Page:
2: Broken Authentication
Since serverless architectures promote a microservices-oriented system design, applications built for such architectures may contain dozens (or even hundreds) of distinct serverless functions, each with a specific purpose. These functions are weaved together and orchestrated to form the overall system logic. Some serverless functions may expose public web APIs, while others may serve as an “internal glue” between processes or other functions. Additionally, some functions may consume events of different source types, such as cloud storage events, NoSQL database events, IoT device telemetry signals, or even SMS notifications. Applying robust authentication schemes—which provide access control and protection to all relevant functions, event types, and triggers—is a complex undertaking, and can easily go awry if not executed carefully.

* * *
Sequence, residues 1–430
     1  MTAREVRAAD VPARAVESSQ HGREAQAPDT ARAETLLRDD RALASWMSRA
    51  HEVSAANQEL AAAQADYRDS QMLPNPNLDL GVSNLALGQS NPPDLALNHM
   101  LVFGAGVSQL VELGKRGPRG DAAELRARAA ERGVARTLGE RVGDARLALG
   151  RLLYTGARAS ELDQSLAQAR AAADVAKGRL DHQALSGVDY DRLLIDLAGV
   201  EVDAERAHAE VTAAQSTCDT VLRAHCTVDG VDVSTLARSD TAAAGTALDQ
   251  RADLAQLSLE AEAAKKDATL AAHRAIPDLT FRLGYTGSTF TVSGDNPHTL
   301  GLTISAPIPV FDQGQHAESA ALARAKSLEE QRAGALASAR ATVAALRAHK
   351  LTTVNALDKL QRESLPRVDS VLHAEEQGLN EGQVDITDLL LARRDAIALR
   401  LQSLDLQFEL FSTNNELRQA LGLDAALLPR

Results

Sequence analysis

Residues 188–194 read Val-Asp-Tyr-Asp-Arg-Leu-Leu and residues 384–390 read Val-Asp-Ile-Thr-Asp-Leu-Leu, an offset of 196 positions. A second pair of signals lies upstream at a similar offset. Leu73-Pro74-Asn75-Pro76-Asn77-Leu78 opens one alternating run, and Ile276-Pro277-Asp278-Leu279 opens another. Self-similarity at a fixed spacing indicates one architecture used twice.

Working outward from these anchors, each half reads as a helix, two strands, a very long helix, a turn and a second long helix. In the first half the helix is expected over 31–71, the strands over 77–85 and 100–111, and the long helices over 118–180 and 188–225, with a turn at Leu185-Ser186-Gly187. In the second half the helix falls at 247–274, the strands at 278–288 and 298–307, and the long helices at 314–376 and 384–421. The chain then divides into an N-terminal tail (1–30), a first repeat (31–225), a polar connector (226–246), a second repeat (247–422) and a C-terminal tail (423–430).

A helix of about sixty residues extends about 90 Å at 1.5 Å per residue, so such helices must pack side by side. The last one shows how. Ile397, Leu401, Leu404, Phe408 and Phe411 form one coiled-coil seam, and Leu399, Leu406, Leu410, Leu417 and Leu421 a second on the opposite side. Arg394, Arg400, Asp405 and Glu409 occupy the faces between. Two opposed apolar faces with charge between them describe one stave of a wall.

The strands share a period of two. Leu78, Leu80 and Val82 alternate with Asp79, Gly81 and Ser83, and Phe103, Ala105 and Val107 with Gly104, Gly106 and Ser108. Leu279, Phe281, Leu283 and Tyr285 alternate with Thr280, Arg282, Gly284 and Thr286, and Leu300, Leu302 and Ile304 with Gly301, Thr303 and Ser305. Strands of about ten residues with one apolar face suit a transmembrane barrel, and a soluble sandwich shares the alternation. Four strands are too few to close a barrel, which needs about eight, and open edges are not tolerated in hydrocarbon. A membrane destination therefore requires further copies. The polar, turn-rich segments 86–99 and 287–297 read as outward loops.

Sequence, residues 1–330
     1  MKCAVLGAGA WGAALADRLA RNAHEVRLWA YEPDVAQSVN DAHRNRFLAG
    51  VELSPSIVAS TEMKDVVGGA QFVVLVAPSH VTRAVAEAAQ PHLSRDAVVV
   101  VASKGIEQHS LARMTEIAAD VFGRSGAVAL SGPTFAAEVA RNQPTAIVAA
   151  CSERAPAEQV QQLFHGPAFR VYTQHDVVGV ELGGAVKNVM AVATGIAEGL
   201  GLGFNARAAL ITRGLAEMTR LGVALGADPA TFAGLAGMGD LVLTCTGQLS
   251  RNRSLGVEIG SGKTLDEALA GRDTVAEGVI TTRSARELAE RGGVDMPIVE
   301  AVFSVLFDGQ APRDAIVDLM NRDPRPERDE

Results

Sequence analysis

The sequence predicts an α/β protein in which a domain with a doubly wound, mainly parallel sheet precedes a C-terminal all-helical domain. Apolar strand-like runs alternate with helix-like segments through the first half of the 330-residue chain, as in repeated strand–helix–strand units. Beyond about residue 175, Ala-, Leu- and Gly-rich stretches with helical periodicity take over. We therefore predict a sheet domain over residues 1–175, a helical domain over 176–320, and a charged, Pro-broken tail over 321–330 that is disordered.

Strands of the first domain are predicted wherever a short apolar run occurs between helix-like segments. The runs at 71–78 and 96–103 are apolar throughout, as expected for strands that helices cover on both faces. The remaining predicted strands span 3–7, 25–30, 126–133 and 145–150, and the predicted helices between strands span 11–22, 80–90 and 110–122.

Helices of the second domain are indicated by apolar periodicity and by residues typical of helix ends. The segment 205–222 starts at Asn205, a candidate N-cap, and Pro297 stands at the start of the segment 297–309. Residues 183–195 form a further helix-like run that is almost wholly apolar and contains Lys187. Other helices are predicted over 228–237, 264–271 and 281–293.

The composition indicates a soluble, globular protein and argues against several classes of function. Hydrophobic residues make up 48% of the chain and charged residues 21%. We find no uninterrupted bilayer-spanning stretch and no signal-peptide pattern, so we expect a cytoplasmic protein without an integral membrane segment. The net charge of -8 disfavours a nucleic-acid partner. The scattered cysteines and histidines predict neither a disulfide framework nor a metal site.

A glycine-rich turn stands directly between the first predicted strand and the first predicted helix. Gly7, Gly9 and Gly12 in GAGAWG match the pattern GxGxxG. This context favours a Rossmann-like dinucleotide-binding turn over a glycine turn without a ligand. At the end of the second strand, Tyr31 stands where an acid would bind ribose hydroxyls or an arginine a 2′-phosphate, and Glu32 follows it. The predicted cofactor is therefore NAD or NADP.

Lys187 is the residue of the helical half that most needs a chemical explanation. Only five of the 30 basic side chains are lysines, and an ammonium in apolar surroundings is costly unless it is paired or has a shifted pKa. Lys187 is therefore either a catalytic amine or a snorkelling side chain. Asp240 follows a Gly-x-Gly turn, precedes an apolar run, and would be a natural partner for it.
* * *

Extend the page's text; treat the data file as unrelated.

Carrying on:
3: Insecure Serverless Deployment Configuration
Cloud services in general—and serverless architectures in particular—offer many customization options and configuration settings to adapt for specific needs, tasks or surrounding environments. Certain configuration parameters have critical implications for overall security postures of applications and should be given attention, and settings provided by serverless architecture vendors may not be suitable for a developer’s needs. Misconfigured authentication/authorization is a widespread weakness affecting applications that use cloud-based storage. Since one of the recommended best practice designs for serverless architectures is to make functions stateless, many applications built for serverless architectures rely on cloud storage infrastructure to store and persist data between executions.